Satellite 2013 Launch Panel

(Photo: courtesy Via Satellite and Kenny Bordelon)


During the Satellite 2013 conference in Washington, DC, thousands of industry executives from all over the world convened to discuss developments and dynamics and opportunities for growth and expansion.  The launch services provider’s panel, Held on Tuesday, March 19, the “Launch Services: Expanding Global Options to Orbit” panel provided perspectives from a variety of launch service providers, including new entrants and veteran launchers. The panel focused on customer demand, adapting to new technologies and competing in an expanded launch marketplace. Speakers included Phil Slack, president of International Launch Services (ILS), as well as representatives from Sea Launch, Arianespace, SpaceX, Lockheed Martin Commercial Launch Services, and Mitsubishi Heavy Industries. The following is a summary of ILS’ participation in the panel discussion, moderated by Jeffrey Hill, Editor of Via Satellite.

An Active Year Ahead for ILS and Proton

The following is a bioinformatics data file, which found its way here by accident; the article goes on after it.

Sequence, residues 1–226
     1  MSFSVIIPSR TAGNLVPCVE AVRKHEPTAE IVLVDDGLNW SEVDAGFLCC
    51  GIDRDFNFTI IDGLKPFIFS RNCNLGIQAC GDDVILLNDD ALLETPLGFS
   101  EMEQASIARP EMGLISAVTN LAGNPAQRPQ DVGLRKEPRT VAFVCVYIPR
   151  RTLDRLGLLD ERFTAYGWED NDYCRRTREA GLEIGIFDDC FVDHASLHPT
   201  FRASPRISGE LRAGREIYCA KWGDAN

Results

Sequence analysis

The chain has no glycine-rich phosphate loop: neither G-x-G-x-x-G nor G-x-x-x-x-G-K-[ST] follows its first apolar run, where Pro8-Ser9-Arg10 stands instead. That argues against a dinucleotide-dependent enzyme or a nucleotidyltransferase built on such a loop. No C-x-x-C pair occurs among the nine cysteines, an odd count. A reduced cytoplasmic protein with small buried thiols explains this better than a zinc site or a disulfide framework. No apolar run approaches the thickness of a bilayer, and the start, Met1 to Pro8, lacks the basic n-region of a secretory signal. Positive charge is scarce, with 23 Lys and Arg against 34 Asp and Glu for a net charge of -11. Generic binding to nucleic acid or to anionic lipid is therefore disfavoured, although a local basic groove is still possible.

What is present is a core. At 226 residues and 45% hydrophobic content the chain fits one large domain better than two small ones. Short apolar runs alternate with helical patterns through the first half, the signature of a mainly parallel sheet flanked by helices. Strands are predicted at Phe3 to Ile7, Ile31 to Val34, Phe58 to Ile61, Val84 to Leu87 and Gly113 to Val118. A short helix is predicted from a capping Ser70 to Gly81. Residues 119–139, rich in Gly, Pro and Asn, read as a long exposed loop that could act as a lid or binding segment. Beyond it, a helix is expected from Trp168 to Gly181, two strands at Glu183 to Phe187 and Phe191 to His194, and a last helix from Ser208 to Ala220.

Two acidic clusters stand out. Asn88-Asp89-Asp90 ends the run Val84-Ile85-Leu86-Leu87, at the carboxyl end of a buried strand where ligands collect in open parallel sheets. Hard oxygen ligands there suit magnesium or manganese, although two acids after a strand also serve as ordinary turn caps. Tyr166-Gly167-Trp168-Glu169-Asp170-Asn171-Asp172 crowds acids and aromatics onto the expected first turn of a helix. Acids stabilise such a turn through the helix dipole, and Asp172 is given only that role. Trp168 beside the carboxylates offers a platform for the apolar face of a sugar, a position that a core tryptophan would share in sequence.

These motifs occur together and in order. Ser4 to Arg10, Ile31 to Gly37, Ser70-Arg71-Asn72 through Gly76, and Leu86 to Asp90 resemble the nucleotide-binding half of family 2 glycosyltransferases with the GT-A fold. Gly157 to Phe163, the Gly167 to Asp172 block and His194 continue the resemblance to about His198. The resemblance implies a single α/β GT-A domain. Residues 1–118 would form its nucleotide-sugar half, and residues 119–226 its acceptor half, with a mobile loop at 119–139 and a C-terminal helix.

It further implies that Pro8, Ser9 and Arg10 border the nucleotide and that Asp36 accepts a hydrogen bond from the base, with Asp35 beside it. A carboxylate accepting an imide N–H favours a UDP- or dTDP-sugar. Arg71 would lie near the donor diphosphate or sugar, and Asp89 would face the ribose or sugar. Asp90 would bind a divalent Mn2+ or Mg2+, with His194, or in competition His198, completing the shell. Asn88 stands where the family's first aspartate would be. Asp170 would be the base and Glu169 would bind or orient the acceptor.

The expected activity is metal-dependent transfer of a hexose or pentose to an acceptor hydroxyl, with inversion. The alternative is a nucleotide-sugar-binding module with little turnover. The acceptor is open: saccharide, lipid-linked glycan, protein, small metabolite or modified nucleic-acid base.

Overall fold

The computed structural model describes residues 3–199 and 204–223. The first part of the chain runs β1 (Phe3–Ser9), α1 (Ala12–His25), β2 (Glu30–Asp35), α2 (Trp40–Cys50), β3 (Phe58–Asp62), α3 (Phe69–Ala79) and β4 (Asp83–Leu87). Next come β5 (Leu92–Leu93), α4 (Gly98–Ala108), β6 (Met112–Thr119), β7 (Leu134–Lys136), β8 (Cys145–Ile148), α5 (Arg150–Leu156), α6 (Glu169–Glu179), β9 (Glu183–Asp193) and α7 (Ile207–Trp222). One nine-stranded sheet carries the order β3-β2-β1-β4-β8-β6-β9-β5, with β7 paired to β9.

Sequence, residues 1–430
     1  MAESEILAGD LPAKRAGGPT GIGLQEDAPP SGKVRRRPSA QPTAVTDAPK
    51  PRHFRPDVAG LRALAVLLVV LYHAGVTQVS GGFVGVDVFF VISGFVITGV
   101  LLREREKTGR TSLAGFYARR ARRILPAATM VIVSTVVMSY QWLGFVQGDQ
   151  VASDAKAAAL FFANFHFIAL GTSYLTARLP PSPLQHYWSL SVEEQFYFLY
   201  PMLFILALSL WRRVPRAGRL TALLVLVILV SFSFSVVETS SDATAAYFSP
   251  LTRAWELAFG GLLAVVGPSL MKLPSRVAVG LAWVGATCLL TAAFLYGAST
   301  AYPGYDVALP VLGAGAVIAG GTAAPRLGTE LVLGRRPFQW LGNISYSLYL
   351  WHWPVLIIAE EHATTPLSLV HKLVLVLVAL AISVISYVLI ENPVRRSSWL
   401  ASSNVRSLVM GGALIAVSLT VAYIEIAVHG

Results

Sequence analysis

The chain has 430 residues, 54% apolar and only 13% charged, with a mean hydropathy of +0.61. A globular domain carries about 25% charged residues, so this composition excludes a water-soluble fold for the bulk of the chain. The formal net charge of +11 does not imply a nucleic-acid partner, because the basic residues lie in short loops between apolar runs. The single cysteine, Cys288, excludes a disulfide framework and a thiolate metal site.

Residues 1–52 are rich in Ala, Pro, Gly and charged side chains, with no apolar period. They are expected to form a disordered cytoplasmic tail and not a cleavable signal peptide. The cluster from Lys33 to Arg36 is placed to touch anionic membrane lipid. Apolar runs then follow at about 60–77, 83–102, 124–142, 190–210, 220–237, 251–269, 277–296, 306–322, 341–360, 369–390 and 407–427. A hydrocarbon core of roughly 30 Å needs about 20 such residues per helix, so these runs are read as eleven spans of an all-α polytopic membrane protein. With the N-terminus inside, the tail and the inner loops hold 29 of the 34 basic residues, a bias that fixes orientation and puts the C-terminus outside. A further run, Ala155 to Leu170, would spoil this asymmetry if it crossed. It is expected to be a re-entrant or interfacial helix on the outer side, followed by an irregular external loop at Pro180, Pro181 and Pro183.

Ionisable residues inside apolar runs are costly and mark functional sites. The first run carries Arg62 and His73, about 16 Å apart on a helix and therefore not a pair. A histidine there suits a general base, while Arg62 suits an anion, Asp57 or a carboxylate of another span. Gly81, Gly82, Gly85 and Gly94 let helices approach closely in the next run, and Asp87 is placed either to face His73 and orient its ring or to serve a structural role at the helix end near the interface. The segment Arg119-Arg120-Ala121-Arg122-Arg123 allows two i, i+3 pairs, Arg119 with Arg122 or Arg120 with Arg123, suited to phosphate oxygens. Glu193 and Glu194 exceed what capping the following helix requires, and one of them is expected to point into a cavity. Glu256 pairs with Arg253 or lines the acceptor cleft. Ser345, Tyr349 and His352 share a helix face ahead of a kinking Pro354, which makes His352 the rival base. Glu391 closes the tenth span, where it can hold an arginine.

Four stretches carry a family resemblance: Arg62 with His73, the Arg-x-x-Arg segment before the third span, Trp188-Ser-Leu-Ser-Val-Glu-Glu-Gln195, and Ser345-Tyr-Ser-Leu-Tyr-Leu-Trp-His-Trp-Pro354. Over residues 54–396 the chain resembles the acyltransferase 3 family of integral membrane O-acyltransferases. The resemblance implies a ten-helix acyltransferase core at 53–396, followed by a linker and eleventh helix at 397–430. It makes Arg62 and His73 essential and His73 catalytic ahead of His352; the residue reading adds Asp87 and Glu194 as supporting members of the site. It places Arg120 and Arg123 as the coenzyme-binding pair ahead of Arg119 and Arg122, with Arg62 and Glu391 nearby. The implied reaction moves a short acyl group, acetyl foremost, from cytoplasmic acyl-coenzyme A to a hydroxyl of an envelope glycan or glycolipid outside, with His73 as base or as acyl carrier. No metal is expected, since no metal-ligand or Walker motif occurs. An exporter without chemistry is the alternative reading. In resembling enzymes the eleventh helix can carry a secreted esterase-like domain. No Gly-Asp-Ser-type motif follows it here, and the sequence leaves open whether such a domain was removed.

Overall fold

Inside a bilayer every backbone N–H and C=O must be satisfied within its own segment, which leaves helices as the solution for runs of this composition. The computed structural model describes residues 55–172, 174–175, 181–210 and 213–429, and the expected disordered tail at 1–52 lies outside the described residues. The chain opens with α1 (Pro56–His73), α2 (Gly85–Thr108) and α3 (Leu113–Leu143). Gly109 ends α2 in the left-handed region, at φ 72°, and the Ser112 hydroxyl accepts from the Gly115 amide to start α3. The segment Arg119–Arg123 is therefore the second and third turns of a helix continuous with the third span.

This April will mark the 20th anniversary of the formation of the commercial Proton business.  Khrunichev State Research and Production Space Center (Khrunichev), ILS majority owner, and a leader in the Russian space industry, manufactures the Proton vehicle – the heavy-lift heritage vehicle, which is entering its 49th year of service and has performed 383 launches to date, including 77 with ILS.

ILS is preparing for a very active year starting with the return-to-flight launch on March 27th, with the Satmex 8 satellite onboard. ILS will continue launching one commercial mission per month through August, with an additional one to two commercial missions in the fourth quarter.  There are also three to five federal Proton launches planned in 2013.

Over the last six years, Proton has launched an average of ten times per year – the highest launch rate among all heavy-lift launchers.  ILS has been loyally supporting the industry and its customers for decades and looks forward to many more years of future service.

A Unique Perspective on the Industry
Along with the other panelists, Slack offered his perspective on what it is like to work in the launch business having spent 26 years in the industry –  half of that with Boeing working on the Delta/Titan programs and the other half with ILS and Proton.

According to Slack, with the launch industry, you have the opportunity to experience a program from early negotiations to contract, to the final performance with the launch. And the launch itself is a spectacular experience–with the powerful sound and sight of the Proton lift off and early flight.  The ultimate level of gratification is to see a satisfied customer after all of the hard work leading up to mission success, and he looks forward to experiencing this once again with Satmex, viewing the Satmex 8 launch next week.
New Developments and Launch Offerings